It’s a pastime that sets me up for lots of teasing, but I still like to wander in cemeteries. I’m intrigued by tombstones–the older, the better. Epitaphs used to be some sort of final admonition to the living, like the classic “Prepare to Follow Me.” Tombstones now tend to be unemotional records of names and dates, but I enjoy searching for the ones that are different. Sometimes they make me laugh. In Mississippi, the deceased’s address is solemnly engraved below his name: RFD 2. Is he expecting mail? A Wisconsin man wanted to tell us that he has just “Gone Fishin’.” In North Carolina, an elderly preacher is buried shoulder-to-shoulder with his wives–all four of them. In south Alabama, I sat a long time by the grave of the aunt I was named for. My own maiden name is engraved on her tombstone. For me, that was a sobering sight. Sometimes I cry in cemeteries. On a late fall afternoon, I discovered a fresh and elaborately-carved pumpkin on the grave of a ten-year old girl who had died many years earlier–on October 31. Walking among children’s graves, I grieve for my own baby boy in heaven. In the Deep South, I discovered a poignant tombstone marking the grave of a young father. The engraving read sadly, “All Our Hopes Lie Buried Here.” When I enter a cemetery, I am gripped by the truth that each marker represents a human soul who lived, loved, and labored, who created, cried, and celebrated. Each one, with all the details of his life, was fully known to God. I might categorize the deceased as we do in life: male, female, rich, poor, young, old. But God’s one-word epitaph for every tombstone would be SAVED or LOST. In life, every individual chooses which epitaph his will be. When I walk out through cemetery gates, I celebrate knowing as my Savior the One Who has conquered death. Death holds no sting for me! And I praise Him that He lets me spend my life serving Him. Because He has called me to ministry, I can devote my days to helping change future epitaphs from LOST to SAVED! I’m overwhelmed at my privilege. After all, what else really matters? Someday, maybe, I will be walking through a cemetery and stroll by your grave. I’ll read your epitaph and wonder about you. But, of course, you won’t really be there. You will be forever with your Master. And in heaven, I promise, you won’t remember any of the sacrifices of ministry. You will just be overwhelmed with gratitude that He let you spend your life helping to change epitaphs. Copyright 2010 ‘ Press On! Ministries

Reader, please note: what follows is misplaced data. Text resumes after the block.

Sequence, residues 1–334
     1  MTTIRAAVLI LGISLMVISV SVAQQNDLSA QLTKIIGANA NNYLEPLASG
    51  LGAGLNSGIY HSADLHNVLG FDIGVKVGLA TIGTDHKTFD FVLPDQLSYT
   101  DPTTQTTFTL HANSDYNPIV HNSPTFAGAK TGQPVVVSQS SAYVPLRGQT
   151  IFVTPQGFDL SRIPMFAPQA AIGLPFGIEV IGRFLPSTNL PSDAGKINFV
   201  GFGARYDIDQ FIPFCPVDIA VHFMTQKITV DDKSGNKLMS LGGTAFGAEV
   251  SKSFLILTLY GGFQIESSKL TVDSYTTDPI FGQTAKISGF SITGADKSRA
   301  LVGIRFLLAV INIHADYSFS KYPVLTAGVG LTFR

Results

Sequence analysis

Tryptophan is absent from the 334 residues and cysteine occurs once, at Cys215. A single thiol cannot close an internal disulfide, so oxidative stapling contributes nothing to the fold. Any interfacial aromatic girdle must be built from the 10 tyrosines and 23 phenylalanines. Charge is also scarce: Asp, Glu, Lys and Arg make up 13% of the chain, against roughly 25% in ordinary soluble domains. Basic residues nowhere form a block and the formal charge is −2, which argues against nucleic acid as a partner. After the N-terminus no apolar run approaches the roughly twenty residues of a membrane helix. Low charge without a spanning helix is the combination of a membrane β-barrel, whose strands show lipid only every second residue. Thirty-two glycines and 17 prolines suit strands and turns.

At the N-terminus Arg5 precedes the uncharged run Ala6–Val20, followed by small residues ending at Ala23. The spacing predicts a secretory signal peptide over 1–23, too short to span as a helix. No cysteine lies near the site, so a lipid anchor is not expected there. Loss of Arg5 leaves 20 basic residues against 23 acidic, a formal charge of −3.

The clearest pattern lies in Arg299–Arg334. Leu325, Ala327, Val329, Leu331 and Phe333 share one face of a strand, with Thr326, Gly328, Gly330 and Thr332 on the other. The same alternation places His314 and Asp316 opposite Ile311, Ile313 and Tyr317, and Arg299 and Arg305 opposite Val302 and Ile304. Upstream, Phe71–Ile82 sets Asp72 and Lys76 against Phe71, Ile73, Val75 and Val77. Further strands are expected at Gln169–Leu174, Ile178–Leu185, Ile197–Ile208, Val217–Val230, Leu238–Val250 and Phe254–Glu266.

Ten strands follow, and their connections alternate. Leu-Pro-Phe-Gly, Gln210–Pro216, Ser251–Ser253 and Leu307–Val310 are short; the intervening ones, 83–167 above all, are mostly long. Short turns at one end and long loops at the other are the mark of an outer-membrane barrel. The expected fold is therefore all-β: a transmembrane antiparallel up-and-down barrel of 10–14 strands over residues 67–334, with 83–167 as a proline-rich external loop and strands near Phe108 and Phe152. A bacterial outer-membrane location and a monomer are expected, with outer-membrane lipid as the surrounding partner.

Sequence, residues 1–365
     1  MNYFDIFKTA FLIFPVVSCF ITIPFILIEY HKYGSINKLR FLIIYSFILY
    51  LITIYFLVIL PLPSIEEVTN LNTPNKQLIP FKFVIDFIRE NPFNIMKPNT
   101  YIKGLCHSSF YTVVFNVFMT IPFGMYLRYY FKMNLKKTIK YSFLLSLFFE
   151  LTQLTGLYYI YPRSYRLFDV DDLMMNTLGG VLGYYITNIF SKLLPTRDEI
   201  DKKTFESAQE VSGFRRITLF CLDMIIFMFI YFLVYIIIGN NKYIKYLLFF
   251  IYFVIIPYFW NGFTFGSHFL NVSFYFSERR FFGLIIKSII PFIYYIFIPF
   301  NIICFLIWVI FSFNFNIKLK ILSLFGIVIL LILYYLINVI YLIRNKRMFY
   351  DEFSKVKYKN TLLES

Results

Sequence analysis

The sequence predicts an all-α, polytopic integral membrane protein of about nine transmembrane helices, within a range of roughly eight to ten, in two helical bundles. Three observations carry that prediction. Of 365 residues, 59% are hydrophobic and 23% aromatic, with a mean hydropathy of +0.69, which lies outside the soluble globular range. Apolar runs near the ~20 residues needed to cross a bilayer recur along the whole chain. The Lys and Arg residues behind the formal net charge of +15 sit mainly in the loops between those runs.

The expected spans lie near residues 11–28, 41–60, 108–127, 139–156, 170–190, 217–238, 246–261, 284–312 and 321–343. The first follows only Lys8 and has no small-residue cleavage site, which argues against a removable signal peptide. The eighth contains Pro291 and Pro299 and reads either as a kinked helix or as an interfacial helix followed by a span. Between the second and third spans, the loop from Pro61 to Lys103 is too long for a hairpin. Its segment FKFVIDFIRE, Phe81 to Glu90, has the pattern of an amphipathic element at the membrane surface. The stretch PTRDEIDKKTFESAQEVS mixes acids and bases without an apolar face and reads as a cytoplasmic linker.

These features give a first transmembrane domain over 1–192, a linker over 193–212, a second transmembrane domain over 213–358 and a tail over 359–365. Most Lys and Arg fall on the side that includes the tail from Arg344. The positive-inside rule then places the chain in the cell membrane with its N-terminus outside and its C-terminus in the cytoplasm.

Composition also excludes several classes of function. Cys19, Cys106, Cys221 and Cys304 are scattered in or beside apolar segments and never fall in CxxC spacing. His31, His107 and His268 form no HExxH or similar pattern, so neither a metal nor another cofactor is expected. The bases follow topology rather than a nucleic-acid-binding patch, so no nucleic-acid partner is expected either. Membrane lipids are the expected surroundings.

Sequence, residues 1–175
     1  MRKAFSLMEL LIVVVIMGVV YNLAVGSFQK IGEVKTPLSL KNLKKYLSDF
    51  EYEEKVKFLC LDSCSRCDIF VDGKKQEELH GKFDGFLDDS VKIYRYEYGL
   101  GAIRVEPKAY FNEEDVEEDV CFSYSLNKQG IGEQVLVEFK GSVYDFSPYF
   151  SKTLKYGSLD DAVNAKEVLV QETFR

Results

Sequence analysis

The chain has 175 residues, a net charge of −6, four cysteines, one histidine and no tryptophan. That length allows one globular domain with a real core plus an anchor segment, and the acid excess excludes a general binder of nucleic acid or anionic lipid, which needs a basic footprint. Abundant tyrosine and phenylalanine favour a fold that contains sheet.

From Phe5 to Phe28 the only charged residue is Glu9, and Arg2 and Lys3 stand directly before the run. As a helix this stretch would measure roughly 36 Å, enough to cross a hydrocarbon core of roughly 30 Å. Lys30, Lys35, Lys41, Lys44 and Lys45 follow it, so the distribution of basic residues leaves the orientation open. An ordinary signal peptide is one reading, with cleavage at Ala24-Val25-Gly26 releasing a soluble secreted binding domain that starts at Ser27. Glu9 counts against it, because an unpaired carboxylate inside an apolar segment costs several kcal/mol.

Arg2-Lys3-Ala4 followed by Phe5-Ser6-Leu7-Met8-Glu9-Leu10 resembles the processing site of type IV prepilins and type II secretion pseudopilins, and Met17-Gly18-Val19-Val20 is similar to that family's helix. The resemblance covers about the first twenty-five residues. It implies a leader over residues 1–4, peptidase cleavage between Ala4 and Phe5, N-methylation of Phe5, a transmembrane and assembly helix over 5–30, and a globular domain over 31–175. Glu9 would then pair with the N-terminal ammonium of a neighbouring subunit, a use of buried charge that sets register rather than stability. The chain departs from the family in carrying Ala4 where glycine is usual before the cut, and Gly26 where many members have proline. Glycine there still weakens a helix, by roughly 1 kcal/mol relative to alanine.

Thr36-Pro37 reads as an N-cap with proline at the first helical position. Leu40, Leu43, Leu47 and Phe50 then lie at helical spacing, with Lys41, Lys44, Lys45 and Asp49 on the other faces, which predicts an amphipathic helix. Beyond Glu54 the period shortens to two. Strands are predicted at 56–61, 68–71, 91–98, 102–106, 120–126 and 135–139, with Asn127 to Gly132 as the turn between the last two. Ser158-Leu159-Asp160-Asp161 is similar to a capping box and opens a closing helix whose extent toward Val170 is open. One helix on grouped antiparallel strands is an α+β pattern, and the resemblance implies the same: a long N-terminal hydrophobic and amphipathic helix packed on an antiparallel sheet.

Even now that I’ve grown up, the hill still looks steep. My grandparents’ farmhouse sat at the top, and at the bottom, Granddaddy’s tin-roofed store huddled between the road and the creek. A gravel driveway wound slowly between house and store, but whenever Grandmother asked me to ‘run fetch’ something she needed, I took the shortcut straight down the hill instead–scrambling through the rails of the whitewashed fence and across the wide flat rock, hopping over fresh cow pies and avoiding blackberry brambles, galloping barefoot to the barbed wire that separated pasture and road. I’d pull from Granddaddy’s wooden shelves whatever Grandmother had asked for’a bottle of ketchup, maybe, dodging his teasing. (‘Cat soup? Why does she need cat soup? Our cats eat mice!’) Loaded down with the ketchup, and maybe a sack of sugar and a can of people soup besides, I’d start the climb back to the house. The hill was a lot steeper going up. I always wanted to quit, but I never did. For one thing, I knew my supper depended on my faithfulness. And I had learned a trick that seemed to flatten the slope: I just kept looking down. As long as I looked only at my next step, I didn’t think about the steepness of the path or how far I had to go. I’d lower my chin and take one step, one step, one more step. Enough steps in a row, and I’d be at the top, crossing the rock, through the fence and up the wide stone kitchen steps–toward my grandmother’s smile. My childhood climbing technique is still useful on morning walks and mountain hikes. It’s even more useful when I stand before a mountain of ministry obligations with duties squatting on my shoulders and uncertainties weighing on my mind, when unwanted changes that call for me to adjust and adapt have plopped onto my path like giant, stinky cow pies. I’d rather quit and sit (or run away) than press on. But I know that if I will stop staring in dismay up the trail and instead lower my chin to focus only on the task at hand (not a bad posture for prayer while I’m at it) and take one step, one step, one more step, before I know it, I’ll have climbed even the scariest peak. My welcome at the top is the smile of the One Who gave me strength sufficient for every step (Deuteronomy 33:25). Then I find it easy to praise Him, for looking back down the path, it’s obvious that even with the help of my trusty climbing technique, that hill was way too steep for me. Copyright 2010 ‘ Press On! Ministries